Democrats have redoubled their efforts to force President Trump to release his federal tax returns by threatening to keep him off the 2020 ballot in deep-blue states, to which he might say: So what?
Seventeen states have seen bills introduced this year that would require presidential candidates to turn over their tax returns as a condition for ballot access, and such measures have cleared one legislative chamber in at least four states.
For the Trump campaign, however, there may be worse fates than being left off the ballot in liberal enclaves like California, Hawaii and Illinois, where the mandatory tax-return bills are making headway, given that no Republican presidential contender is likely to prevail there.
“In theory, he [Trump] could really push this, and he could be disqualified from the state ballots, and it wouldn’t necessarily affect the Electoral College vote at all,” said University of Denver political science professor Seth Masket. “Because those were states he wasn’t going to win anyway.”
Before that happens, the bills must first win passage, and with many legislative sessions winding down, no such measure has reached a governor’s desk.
In Washington state, the Senate passed a bill last month requiring presidential contenders to release five years’ worth of tax returns before appearing on a primary or general election ballot, but the measure died without House approval when the session adjourned at midnight Sunday.
Other states still have time to wrestle this year with whether requiring presidential hopefuls to disclose their Form 1040s represents a commonsense transparency measure, or a politically motivated attack on Mr. Trump certain to be struck down the courts.
Josh Blackman, associate professor at the South Texas College of Law, said the bills “are inconsistent with Supreme Court precedent.’
“As a general matter, states cannot impose additional requirements for federal officers,” Mr. Blackman said. “For example, states cannot impose term limits on members of Congress. Or require that the President be 40 years old, instead of 35, as the Constitution requires.”
The only way to mandate tax returns would be through a constitutional amendment to Article II, requiring ratification of three-fourths of the states, said Jenna Ellis, a fellow in constitutional law at the Centennial Institute.
“Neither Congress nor the state legislature can unilaterally add a requirement and bind the Electoral College,” said Ms. Ellis, a member of the Trump 2020 advisory board.
Then again, states typically require federal candidates to clear some sort of bar before their names are placed on the ballot, such as submitting a certain number of valid signatures from voters or paying a filing fee.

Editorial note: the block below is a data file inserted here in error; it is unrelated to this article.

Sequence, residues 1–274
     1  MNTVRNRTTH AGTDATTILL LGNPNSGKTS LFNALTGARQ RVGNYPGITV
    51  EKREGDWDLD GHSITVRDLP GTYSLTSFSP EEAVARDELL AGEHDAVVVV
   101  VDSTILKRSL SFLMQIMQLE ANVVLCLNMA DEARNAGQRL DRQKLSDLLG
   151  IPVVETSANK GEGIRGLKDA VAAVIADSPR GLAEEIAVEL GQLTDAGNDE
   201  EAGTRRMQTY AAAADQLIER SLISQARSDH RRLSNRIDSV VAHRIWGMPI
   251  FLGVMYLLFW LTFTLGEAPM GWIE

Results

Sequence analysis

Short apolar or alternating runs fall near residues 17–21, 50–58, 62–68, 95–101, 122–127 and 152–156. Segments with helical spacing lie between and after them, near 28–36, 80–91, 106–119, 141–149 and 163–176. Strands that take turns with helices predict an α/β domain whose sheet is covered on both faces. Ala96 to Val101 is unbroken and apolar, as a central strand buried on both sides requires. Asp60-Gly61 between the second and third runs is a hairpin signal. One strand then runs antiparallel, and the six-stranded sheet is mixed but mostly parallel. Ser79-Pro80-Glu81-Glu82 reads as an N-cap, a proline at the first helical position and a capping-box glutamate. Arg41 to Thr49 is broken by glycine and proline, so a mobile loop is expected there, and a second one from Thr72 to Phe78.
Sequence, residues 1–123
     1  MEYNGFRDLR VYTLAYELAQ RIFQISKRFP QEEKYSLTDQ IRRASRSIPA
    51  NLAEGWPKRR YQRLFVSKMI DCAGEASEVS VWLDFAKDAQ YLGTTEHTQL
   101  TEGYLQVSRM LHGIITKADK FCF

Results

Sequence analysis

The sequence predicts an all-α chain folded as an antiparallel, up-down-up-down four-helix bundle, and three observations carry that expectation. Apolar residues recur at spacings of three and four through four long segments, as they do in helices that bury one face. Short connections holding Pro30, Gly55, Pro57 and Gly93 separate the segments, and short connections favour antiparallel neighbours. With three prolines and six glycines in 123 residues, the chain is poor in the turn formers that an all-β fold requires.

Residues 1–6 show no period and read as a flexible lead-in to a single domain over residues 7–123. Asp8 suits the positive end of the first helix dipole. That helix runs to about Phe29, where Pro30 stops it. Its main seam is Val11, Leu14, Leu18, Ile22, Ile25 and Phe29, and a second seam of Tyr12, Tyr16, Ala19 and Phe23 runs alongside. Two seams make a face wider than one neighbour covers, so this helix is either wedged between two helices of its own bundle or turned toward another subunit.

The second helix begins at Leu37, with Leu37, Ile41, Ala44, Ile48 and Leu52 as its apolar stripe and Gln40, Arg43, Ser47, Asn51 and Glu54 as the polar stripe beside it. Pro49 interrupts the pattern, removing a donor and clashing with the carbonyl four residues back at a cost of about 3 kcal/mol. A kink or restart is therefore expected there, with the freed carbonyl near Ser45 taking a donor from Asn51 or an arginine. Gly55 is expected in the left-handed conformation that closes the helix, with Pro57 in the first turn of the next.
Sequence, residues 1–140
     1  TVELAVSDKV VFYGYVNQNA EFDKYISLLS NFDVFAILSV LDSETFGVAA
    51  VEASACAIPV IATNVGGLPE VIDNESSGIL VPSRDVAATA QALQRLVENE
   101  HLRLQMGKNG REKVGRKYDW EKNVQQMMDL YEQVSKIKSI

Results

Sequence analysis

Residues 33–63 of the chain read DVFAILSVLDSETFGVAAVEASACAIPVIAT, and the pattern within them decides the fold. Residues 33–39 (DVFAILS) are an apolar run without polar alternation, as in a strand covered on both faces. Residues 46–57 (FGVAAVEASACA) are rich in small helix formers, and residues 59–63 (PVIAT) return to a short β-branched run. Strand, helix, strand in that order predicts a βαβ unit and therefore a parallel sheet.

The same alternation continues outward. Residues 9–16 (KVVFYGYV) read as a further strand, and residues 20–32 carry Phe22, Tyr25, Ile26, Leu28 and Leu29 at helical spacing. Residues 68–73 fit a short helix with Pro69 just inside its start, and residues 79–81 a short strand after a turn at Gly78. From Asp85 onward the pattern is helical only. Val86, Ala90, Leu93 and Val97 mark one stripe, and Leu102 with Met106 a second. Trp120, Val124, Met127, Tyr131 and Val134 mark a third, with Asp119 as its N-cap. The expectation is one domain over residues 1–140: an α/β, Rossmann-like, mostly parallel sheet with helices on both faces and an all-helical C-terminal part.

“My impression is that constitutionally, this is defensible,” said Mr. Masket. “The Constitution gives pretty broad discretion to the states as to how to run their own elections and how to qualify for the ballot.”
If states can require filing fees and signatures, he said, “then it would seem like a tax disclosure isn’t a problem.”
Even so, the specter of states adding ever-more qualifications for candidates was enough to convince then-California Gov. Jerry Brown to veto a mandatory tax-return bill in 2017, saying he worried about setting a “‘slippery slope’ precedent.”
“Today we require tax returns, but what would be next?” he asked in his veto message. “Five years of health records? A certified birth certificate? High school report cards? And will these requirements vary depending on which political party is in power?”
Former New Jersey Gov. Chris Christie nixed a similar bill the same year, calling it “politics at its worst.” Senate Democrats haven’t given up, however, approving in February a bill requiring five years’ of tax returns and also prohibiting electors from voting for a candidate who refuses to do so.
Voters “must know, unequivocally, that the person they vote for is invulnerable to blackmail, coercion or intimidation of any kind due to financial liabilities,” said New Jersey Senate Majority Leader Loretta Weinberg in NJ.com.
Not surprisingly, the state measures have split along party lines, with Democrats, backed by progressive advocacy groups like Indivisible, in favor and Republicans against.
“It’s clearly unconstitutional. It’s clearly targeted at the President of the United States,” Illinois state Sen. Dale Righter, a Republican, told the Illinois News Network.
He pointed out that the bill, which passed the state Senate April 13, has no such requirement for gubernatorial or legislative candidates in a state dominated by Democrats.
“Notice that the bill doesn’t require the disclosure the release of tax returns by, let’s say, a candidate for governor, or a candidate for [House] Speaker, or a candidate for Senate President,” Mr. Righter said. “I think that’s a not-very-well-veiled attempt to keep President Trump off the ballot.”
Hawaii legislators have approved a similar bill in the state Senate, while a reintroduced California measure has cleared two state Senate committees.
In Mr. Trump’s home state of New York, Democrats are trying a different approach with a bill that would authorize the state Department of Taxation and Finance to release returns to a congressional committee. A state Senate committee voted Tuesday to advance the measure to the floor.
“If Washington won’t take the lead and provide accountability for the American people, New York will,” tweeted Democratic state Sen. Brad Hoylman, the bill’s sponsor.
House Ways and Means Committee chairman Richard Neal requested April 3 six years of Mr. Trump’s personal and business tax filings from the IRS.
There is no requirement to disclose tax records before running for president, but since 1976, every major presidential candidate with the exception of former President Gerald Ford has released some federal tax filings, according to PolitiFact.